365-Day Project, Art, Creativity, Mystery, Photography

Day 223 – Shutter Time

Photography takes an instant out of time, altering life by holding it still. – Dorothea Lange

I had a photo shoot with an “old” friend (’cause we’re not old, we’ve just known each other for more than two decades …) today at my favorite place to photograph, the Tallahassee Museum. We both got some great photographs of the Bengal Tiger, Hawk, Bald Eagles, Panther, and the Cypress trees in Lake Bradford. We also practically melted, it’s that hot and humid. (But so worth it.)

Today’s mystery “what is it?!?” picture is ready for your guessing pleasure. Do you know? Can you tell?

What Is It?!?


What Was That?!? Yesterday’s Picture (Day 222)

Was yesterday’s picture something crystallized? Not crystallized. How about frothy coffee? Not that either. Brenda’s perspective: “That’s what I see when I rub my eyes too hard.” (I think that’s the perfect description.) It also looked like a fuzzy blanket; is it cloth? Not cloth. So what was it?

What you saw were browned Panko breadcrumbs on top of my homemade macaroni and cheese. And it was delicious! 😀



15 thoughts on “Day 223 – Shutter Time”

  1. it looks like a distorted seedhead, or maybe a crocheted doily – do you get doilies in the US? And sorry I know that is two guesses, but I am tired and off to bed now so I won’t be here when you tell me I’m wrong. 😉
    Jude xx


    1. Not a distorted seedhead (interesting perspective), nor a crocheted doily, and yes, we do have those here in the U.S. I have some really old doilies from my grandmother. You can make as many guesses as you’d like, sorry I posted later than normal … but we’ll pick up tomorrow. Sweet dreams! 🙂


  2. It is said that Australia’s initial prosperity came from the secret introduction of the Merino sheep and the later discovery of gold.
    John Macarthur and those sheep led to the saying, “Australia rides on the sheep’s back”.
    This was true for more than a century and even though he probably went to all that trouble to steal those sheep from Spain to ensure his own prosperity, he did indeed cause a lot of wealth to flow into this country.
    At the turn of the 19th Century Australia had the highest standard of living in the world [equalled only by Argentina].
    Wool, gold, and in recent times mining have kept this excellent little country afloat since the white man invaded in 1788 [the white man had been here a few times before that, just for a look see].
    What a lot of people have forgotten is the amazing invention that Sid Leffew came up with in the middle of the last century.
    It’s true that he kept it a very closely guarded secret, but that is no excuse for forgetting him.
    He should be more widely know.
    Just when the rest of the world was turning away from wool to synthetic fibres Sid came up with the idea of cutting out the middle man and breeding a sheep that could grow the highest grade wool carpet.
    Everyone knew then, and knows now, that wool carpets are superior.
    Getting the carpet off the sheep without hurting it became Sid’s biggest challenge.
    In the end the answer was simple.
    With the final hurdle out of the way Sid needed to be sure that his invention was kept a secret.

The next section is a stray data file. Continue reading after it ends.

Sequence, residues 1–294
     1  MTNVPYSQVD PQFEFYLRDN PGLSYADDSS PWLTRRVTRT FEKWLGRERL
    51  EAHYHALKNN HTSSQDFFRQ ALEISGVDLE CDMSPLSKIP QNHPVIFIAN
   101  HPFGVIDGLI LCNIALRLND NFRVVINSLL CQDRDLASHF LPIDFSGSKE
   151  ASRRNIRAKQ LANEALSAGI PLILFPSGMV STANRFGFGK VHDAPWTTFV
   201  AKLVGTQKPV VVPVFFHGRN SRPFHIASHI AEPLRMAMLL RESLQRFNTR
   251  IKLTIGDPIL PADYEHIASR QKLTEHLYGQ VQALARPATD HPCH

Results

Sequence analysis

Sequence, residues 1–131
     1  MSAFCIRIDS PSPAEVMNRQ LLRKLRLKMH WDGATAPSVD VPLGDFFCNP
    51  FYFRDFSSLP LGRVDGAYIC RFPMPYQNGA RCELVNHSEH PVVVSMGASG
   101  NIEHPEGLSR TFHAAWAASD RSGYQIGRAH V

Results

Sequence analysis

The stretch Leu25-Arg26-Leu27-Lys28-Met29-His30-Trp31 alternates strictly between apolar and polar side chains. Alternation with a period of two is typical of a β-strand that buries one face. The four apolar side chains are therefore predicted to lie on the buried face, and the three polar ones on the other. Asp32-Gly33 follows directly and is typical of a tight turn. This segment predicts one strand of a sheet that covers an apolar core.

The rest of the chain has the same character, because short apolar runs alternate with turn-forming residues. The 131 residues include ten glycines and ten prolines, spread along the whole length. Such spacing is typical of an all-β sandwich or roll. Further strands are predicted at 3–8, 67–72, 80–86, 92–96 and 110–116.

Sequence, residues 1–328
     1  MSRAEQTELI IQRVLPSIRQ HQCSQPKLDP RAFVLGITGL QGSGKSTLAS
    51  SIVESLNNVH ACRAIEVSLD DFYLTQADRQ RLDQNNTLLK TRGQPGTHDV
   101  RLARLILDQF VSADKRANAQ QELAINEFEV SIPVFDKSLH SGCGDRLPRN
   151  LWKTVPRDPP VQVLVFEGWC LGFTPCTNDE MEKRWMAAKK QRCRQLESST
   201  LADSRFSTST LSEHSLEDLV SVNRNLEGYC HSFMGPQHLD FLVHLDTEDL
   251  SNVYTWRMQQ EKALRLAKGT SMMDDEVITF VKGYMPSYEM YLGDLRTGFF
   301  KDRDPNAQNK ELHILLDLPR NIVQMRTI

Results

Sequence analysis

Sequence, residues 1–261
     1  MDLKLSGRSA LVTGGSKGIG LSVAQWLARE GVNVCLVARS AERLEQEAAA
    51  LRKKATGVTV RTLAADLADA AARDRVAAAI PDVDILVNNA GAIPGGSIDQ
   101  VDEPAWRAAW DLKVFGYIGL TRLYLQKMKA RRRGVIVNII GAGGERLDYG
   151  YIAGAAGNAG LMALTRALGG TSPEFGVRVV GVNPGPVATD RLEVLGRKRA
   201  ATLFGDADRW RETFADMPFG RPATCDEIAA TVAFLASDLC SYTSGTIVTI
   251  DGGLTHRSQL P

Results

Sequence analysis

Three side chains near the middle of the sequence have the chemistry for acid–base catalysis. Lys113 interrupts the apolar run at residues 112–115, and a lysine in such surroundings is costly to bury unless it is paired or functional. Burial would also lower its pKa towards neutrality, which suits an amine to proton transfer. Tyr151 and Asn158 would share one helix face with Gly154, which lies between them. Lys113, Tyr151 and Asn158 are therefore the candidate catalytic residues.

But how?
    Someone was sure to see the sheep standing around.
    The answer presented itself in the form of an old carpet factory that was going out of business.
    The company had quoted to carpet the new Parliament House but they had lost the contract to an overseas company, and this was the final straw.
    The building was huge and Sid picked it up for a song.
    He had the machinery removed and the concrete floor dug up and replaced with lush grass.
    The old factory already had glass sky-lights so all Sid had to do was install an irrigation system and he was ready to introduce the new breed of sheep.
    As it turned out, the sheep loved it in this unusual environment and they thrived.
    The factory was in an old residential area so he worried that the sound of the bleating sheep might give the game away, but another coincidence helped him out in this regard.
    There happened to be a meat works in the next street so the residents thought that this was where the sounds were coming from.
    Just to be on the safe side Sid installed loud speakers to broadcast the sounds of carpet weaving machines which he hoped would disguise the sounds of his sheep.
    This turned out to work too well as several of the residents complained to the council about the noise of the machinery!
    Sid was forced to spend a lot of money on ‘installing’ rubber pads on all his ‘machines’ to cut down on noise and vibrations.
    Sid had a monopoly on this process for more than sixty years, but as always happens, the idea leaked out and his business was swamped by cheap imports from the third world, mainly the US, and his business folded.
    The magnificent old brick factory was torn down a few years ago, and naturally, they built town houses where it stood.
    These days no-one remembers Sid Leffew and his sheep that grew carpet but I’ll bet that the next time you walk across that carpet of yours that has stood up so well over the years, you will wonder if it came from Sid’s long forgotten factory and his ‘barn laid’ sheep that lived so happily under that glass roof.


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